Regarding steal size in the SB vs a tight opponent, and percentage of hands to open:
I think you guys are making this way more complicated than it actually is. This is a simple preflop math problem that doesn't require any tough calculations. Let's try a few.
All of this is based on memory, so please correct me if you see any errors.
The book states that when your range is primary consisting of steals, you want to ideally raise the smallest amount you can get away with that will be successful. Even tight opponents can convince themselves to call a min-raise or a 2.5x raise to play in position in a HU pot vs a super weak range, so when raising from the SB 3x is usually what realistically gets them to fold a good amount.
So let's say we have a pretty junk hand, like 92o. We have a mega-nit in the BB and it's folded to us in the SB. Our plan is to raise to 3x as a steal. Just based on preflop alone, how often does this have to work for it to be profitable? It's a simple risk vs reward.
It costs us 2.5 big blinds to raise to 3x, since we're already in for 0.5 big blinds. So 2.5 is what we are risking.
Our reward is the current pot. That's 1 for the big blind, and 0.5 for the SB. So our reward is 1.5.
We risk 2.5 to win 1.5. This means that if he folds 62.5% of the time, we break even. Anything more than that and we profit. Surely you guys can find tons of nits who will call or raise your SB steals less than 37.5% of the time, right? If so, you make long term profit and they lose money based on the preflop play, and there is nothing they can do about it unless they stop nitting it up and dramatically change their game plan.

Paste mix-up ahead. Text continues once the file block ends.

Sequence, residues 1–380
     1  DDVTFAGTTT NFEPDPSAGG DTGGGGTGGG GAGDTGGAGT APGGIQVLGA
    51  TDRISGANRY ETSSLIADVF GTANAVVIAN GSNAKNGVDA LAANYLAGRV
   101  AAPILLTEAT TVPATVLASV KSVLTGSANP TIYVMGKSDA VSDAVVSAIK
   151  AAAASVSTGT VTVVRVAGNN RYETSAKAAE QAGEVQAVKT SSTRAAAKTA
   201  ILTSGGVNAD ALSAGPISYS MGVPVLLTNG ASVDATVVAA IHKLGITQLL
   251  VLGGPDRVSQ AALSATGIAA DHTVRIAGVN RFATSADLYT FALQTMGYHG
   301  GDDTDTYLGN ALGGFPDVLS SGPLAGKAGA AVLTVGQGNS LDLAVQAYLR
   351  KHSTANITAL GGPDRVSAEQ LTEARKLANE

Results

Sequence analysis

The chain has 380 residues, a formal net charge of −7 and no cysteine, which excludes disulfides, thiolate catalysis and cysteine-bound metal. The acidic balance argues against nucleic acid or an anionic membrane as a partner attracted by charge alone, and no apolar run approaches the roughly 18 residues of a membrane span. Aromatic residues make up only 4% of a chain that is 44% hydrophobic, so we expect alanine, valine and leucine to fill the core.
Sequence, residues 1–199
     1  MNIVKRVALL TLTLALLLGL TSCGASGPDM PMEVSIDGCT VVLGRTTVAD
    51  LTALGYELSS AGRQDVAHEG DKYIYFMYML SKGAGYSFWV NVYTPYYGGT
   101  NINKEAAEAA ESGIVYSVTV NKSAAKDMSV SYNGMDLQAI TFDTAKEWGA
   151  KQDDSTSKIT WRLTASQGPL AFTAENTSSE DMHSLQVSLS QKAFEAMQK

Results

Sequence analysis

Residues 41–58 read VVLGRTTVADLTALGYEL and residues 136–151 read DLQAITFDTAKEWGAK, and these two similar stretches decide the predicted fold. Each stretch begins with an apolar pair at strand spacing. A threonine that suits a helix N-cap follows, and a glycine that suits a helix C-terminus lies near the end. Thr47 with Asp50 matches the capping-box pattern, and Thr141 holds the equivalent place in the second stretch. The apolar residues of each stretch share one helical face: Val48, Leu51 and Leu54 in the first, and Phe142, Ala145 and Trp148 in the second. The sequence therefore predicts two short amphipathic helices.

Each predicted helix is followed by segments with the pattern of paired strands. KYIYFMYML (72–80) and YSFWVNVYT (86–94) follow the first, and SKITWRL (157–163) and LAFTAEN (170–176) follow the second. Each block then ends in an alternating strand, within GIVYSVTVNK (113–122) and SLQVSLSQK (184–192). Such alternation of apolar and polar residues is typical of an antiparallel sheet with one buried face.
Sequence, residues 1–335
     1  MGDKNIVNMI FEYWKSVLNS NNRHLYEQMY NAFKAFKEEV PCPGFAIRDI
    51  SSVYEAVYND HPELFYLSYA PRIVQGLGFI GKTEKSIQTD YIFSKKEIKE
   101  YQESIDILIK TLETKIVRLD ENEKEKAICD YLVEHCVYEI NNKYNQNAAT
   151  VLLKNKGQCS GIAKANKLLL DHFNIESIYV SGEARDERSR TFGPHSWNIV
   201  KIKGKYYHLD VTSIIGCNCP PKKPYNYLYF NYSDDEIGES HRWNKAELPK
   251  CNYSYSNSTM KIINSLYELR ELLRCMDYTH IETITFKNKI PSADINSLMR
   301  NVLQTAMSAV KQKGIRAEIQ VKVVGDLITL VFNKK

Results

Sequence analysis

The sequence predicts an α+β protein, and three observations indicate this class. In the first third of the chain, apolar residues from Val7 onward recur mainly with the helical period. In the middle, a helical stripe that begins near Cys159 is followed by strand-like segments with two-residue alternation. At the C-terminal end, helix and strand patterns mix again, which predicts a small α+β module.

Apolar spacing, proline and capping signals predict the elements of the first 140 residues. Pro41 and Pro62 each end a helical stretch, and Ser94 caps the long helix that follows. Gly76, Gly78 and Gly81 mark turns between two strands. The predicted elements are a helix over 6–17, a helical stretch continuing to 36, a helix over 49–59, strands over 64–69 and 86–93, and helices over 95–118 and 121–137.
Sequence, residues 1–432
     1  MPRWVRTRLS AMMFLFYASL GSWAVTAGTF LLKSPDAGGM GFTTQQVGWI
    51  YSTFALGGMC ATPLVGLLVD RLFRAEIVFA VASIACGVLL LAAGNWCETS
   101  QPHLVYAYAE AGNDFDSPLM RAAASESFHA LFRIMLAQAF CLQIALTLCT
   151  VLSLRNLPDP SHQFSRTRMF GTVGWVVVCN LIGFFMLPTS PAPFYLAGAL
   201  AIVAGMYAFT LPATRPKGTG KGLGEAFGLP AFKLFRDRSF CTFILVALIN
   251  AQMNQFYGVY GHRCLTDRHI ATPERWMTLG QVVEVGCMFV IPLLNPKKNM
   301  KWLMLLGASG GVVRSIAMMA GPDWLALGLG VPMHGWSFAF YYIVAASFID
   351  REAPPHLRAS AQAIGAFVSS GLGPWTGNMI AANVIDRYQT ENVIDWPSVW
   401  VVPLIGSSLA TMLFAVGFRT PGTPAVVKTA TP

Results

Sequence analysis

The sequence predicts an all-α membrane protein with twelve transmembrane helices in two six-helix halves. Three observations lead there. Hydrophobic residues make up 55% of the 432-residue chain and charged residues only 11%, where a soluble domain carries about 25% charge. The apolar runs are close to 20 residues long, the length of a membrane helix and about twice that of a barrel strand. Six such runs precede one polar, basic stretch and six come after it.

These numbers are completely independent of what happens on the flop. Even if you check folded the flop every single time they called (or fold when they raise), you still win, and they lose. So if you don't want to c-bet, you don't have to. As long as he's folding more than 62.5% of the time preflop, and you aren't spewing money when he doesn't fold, it is mathematically impossible for you to not make money in this spot in the long term. This doesn't even take into account the time we actually have a good made hand, luckbox a flop with our garbage, or the metagame benefit we get from the table seeing us raise so much. So when the book says open any two here as long as he folds about 60%, I can't see you going wrong with this advice.
What happens if we raise to 4x from the SB? Now we are risking 3.5 to win 1.5. He needs to fold 70% of the time for us to show an automatic profit. It's a little less forgiving, but would probably still work great against a lot of tight players. Whatever works best for you and the situation, I suppose.
Bottom line: Until your tight BB starts playing some hands, you can rob him blind by raising to 3x every single time.
This was meant to be a short post, but I like hearing myself talk.
Random side note: I really suck at multitabling. Even just two.